An MRI-based glimpse into the brains of psychopathic patients revealed abnormalities related to learning from consequences and punishment, according to a study published in this month’s The Lancet Psychiatry.
Violent crime, wrote the authors, including Sarah Gregory, PhD, with the Institute of Psychiatry at King’s College London, is committed by a small number of men who display antisocial and aggressive behavior consistently throughout their lives.
“Focusing on responses to punished reversal errors relative to rewarded correct responses, we tested the hypothesis that violent offenders with antisocial personality disorder and psychopathy would show increased activation within the ventromedial prefrontal cortex, caudate, and posterior cingulate cortex to punished reversal errors, as identification of anomalous responding to reinforcement information within such individuals could be useful as a diagnostic biomarker,” the authors wrote.
The study included 12 violent offenders with antisocial personality disorder and psychopathy, 20 violent offenders with antisocial personality disorder but not psychopathy and 18 healthy non-offenders.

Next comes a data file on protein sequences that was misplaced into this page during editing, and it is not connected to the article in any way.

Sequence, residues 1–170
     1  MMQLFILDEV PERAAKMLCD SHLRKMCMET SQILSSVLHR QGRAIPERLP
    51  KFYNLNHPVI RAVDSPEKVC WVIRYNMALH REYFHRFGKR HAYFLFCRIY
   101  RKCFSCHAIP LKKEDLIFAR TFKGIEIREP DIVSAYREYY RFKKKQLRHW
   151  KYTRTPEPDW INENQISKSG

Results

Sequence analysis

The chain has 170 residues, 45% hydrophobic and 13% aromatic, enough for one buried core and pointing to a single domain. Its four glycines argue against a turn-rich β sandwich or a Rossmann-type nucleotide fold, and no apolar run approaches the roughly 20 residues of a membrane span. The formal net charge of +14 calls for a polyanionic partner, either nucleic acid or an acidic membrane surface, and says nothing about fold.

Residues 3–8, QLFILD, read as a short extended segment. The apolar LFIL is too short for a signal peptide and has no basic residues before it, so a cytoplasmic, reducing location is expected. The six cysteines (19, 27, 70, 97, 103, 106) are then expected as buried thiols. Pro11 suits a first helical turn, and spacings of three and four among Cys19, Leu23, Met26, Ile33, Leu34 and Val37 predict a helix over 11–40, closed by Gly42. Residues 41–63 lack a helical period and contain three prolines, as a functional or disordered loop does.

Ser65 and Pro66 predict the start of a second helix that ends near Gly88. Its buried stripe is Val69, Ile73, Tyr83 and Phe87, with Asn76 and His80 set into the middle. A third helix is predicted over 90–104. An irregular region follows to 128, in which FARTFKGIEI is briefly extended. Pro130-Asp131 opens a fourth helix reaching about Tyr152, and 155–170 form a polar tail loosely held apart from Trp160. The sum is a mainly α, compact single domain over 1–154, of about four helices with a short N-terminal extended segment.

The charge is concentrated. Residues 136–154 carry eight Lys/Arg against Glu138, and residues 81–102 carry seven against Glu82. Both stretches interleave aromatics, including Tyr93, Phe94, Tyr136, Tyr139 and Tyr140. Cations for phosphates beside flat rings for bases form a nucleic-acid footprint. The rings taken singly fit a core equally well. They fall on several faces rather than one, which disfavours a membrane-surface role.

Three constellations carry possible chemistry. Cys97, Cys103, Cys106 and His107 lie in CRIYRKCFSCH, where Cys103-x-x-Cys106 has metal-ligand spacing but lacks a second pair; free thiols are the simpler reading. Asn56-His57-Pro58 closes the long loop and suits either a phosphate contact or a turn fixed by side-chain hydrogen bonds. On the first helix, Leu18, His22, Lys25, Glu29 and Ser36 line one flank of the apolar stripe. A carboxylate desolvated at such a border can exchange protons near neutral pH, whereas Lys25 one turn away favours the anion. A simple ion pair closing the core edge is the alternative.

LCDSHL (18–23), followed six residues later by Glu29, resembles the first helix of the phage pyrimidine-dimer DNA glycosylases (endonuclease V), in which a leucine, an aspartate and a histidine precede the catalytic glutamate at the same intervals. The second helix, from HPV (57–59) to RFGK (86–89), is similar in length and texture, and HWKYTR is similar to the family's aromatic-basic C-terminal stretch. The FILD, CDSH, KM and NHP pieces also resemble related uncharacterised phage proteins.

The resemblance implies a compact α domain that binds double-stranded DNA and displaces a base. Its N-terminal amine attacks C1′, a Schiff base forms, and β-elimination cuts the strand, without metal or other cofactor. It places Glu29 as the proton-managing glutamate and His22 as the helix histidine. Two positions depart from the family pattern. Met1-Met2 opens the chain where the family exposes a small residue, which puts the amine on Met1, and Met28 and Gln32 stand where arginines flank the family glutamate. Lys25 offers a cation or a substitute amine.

While in the scanner, the participants completed tasks that assessed their abilities to adjust behavior when consequences changed from positive to negative.
The violent offenders, they found, were unable to learn from the punishment cues and did not change their behavior in the face of changing contingencies. The researchers found they made poor decisions despite taking longer to make decisions.
“A white-matter diffusion tensor imaging study of the offenders with antisocial personality disorder and psychopathy from this study revealed reduced fractional anisotropy suggestive of reduced axonal integrity and organization in the dorsal cingulum, which links the posterior cingulate cortex to the medial prefrontal cortex,” the authors wrote. “The findings from this study support the proposition that the representation of reinforcement value is profoundly disturbed in adult men with psychopathy.”
Gregory et al added that behavior issues and the early signals of psychopathy emerge early in life when learning interventions have the possibility of altering brain structure and function. This information would be crucial in developing strategies and programs to prevent violent behavior and crime from developing in children and in adults.
“Diagnostic classification schemes, offender rehabilitation programmes and childhood prevention programmes would benefit from taking account of this mounting evidence,” the authors concluded.